Dunedin is not going to take the loss of the world's steepest street title lying down.
A city surveyor has written to Guinness Book of World Records raising a technical issue with the way Ffordd Pen Llech, in the North Wales town of Harlech, was measured before it was awarded the title of "world's steepest street."
Meanwhile, a light-hearted social media storm has erupted in opposition to the winding Welsh way clinching the title held by Baldwin St for more than 30 years.
Clark Fortune McDonald Dunedin branch manager and licensed surveyor Toby Stoff said the fact Ffordd Pen Llech was measured on the inside went against good surveying practice, as road gradients should be measured at the centre line.
"I don't think they did it in a mean or nasty way. They looked at the letter of the law and thought it could be 10 metres apart. There are proper ways of measuring roads and things happen around curves I don't think Guinness was aware of.''
Stoff was quick to emphasis he did not think there was any malicious intent from Guinness or Harlech residents. He thought both streets were "awesome'' due to their widely varying origins.
"Ffordd Pen Llech came about by hundreds, maybe thousands of years of use over time, and it just evolved naturally and it followed the obvious line of least resistance up this hill.
"Whereas Baldwin St, in true Victorian fashion, was just slammed on to the world's surface with no regard for topography whatsoever.''
Judging by social media, Stoff is far from the only Southerner determined not to take the Welsh street's victory lying down. Dunedin man Matthew Kraemer has organised a "Baldwin Street Parade'' on Saturday.
All going well, it will feature the filming of a video where a group of Welsh people will have a large world's steepest street sign torn from their hands by a horde of "tribally face-painted gingers,'' Kraemer said, though he was having issues trying to organise the closure of the street at short notice.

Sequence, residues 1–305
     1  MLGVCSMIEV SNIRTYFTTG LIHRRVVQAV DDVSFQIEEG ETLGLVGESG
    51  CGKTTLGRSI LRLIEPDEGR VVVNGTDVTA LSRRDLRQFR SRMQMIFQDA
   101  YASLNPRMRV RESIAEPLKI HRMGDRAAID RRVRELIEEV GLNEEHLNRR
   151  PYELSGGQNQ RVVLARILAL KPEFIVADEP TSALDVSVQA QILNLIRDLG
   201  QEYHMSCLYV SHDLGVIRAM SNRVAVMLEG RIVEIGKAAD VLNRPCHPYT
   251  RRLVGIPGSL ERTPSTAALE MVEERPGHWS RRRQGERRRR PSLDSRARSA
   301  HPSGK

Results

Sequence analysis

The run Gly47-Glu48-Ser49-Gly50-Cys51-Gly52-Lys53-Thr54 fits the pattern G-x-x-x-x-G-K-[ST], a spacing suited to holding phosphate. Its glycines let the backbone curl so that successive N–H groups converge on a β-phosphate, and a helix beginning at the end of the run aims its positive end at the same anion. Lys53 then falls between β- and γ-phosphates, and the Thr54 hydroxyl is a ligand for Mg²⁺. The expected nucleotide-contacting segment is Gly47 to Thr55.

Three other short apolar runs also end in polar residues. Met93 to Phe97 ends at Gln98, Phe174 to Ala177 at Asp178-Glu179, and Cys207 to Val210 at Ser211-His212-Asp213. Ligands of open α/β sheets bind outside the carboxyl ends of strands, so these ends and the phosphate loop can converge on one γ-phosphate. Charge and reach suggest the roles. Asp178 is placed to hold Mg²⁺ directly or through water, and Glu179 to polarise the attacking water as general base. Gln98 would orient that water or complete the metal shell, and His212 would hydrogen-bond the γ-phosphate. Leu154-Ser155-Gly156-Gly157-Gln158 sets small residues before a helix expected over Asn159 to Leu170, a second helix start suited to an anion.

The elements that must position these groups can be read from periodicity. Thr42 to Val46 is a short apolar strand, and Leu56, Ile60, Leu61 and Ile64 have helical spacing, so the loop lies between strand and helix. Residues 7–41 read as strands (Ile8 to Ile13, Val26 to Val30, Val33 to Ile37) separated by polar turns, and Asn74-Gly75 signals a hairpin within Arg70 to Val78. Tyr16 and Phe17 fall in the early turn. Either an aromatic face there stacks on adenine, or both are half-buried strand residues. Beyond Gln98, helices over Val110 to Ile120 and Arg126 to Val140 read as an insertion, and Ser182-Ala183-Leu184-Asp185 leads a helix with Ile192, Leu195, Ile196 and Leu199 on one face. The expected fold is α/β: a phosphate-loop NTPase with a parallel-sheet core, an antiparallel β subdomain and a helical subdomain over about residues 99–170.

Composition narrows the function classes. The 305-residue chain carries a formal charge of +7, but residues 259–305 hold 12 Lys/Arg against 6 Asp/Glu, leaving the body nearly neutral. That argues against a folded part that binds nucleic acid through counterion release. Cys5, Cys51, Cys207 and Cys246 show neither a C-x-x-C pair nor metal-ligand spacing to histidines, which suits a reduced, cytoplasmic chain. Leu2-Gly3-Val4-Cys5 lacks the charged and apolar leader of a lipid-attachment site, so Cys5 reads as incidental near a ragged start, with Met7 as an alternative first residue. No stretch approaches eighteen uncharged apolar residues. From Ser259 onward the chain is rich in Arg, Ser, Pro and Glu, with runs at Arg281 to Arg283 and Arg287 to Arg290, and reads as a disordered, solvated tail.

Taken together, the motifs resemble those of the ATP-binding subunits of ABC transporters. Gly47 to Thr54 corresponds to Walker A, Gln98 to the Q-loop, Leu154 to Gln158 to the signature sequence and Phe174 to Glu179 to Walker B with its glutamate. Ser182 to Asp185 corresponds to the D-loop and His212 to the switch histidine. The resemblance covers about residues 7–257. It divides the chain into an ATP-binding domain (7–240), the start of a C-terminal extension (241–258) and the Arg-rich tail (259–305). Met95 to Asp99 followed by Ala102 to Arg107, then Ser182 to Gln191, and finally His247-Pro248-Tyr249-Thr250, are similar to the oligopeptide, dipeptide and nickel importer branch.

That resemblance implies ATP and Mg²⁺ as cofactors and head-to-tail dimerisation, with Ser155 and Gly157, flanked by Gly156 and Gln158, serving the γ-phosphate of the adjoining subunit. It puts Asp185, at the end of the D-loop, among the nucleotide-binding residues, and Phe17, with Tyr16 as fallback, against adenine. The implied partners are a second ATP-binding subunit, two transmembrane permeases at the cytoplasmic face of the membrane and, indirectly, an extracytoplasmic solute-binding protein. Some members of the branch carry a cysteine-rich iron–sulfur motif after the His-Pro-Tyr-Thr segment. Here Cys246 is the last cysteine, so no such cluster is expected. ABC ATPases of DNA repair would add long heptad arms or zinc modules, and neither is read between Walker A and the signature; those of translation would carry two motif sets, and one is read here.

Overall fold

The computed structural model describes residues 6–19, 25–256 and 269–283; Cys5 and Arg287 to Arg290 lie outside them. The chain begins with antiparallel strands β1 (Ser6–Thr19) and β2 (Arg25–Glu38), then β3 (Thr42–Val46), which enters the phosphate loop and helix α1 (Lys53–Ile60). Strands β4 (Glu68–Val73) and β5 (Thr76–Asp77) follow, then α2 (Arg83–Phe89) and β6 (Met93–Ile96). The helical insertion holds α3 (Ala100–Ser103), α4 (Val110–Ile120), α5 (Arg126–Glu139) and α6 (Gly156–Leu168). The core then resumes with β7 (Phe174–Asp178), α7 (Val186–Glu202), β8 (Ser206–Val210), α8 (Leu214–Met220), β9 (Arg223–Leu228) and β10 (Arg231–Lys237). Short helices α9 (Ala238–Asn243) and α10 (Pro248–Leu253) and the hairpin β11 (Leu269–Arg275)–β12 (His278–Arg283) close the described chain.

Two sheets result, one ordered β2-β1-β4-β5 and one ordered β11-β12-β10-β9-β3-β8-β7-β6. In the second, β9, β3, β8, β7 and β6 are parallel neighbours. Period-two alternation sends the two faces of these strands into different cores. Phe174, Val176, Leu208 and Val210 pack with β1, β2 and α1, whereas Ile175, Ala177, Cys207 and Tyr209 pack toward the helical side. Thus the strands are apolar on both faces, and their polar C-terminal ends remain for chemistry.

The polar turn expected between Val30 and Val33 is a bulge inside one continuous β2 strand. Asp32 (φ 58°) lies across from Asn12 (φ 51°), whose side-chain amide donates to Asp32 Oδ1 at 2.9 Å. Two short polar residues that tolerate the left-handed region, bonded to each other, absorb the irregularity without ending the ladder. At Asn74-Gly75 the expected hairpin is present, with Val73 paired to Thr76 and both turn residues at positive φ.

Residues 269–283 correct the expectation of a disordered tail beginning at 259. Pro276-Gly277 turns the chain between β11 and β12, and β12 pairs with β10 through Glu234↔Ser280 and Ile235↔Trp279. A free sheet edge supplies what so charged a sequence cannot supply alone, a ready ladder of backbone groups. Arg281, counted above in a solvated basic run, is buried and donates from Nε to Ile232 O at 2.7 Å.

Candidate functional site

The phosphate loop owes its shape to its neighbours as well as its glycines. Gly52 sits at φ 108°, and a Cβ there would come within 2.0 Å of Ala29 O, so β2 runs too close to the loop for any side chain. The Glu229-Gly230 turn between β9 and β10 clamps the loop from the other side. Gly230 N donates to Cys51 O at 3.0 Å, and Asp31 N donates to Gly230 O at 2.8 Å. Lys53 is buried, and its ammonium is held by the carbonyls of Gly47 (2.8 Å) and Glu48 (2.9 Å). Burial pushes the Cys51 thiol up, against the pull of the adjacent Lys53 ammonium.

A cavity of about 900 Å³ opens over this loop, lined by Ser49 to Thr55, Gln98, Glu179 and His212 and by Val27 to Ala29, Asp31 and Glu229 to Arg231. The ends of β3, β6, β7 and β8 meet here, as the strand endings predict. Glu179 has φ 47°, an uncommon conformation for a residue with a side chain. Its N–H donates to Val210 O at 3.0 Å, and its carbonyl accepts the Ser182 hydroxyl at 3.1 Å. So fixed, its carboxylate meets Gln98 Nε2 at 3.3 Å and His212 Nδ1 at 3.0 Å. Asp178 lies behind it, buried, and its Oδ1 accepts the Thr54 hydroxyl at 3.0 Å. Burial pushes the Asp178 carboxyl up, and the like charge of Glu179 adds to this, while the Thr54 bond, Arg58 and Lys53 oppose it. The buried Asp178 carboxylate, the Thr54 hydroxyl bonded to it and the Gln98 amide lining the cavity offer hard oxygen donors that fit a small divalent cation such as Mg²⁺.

The software developer has even compiled gradient data from social fitness network Strava, based on the journeys of hundreds of cyclists on both streets.
He said the data showed Baldwin St had 111m steeper than a 25 per cent gradient and a maximum grade of 31.7 per cent, while Ffordd Pen Llech maxes out at 25m of 25 per cent grade.
Another social media event, titled "We make Baldwin St steepest again,'' had 835 people confirmed to attend as of yesterday evening. Scheduled for next Thursday, the event's description promised drastic action to help the North East Valley street retake its crown.
"We are going to get all the concrete we can find and pour it down from the top of the street to increase the gradient, and there is nothing the Welsh town of Harlech can do to stop us!''
One of the page administrators, University of Otago student Ben Russell, said he was not expecting hundreds of people or any concrete mixers to turn up next week.
"Obviously it's a joke, but I'll be there in case anyone shows up.''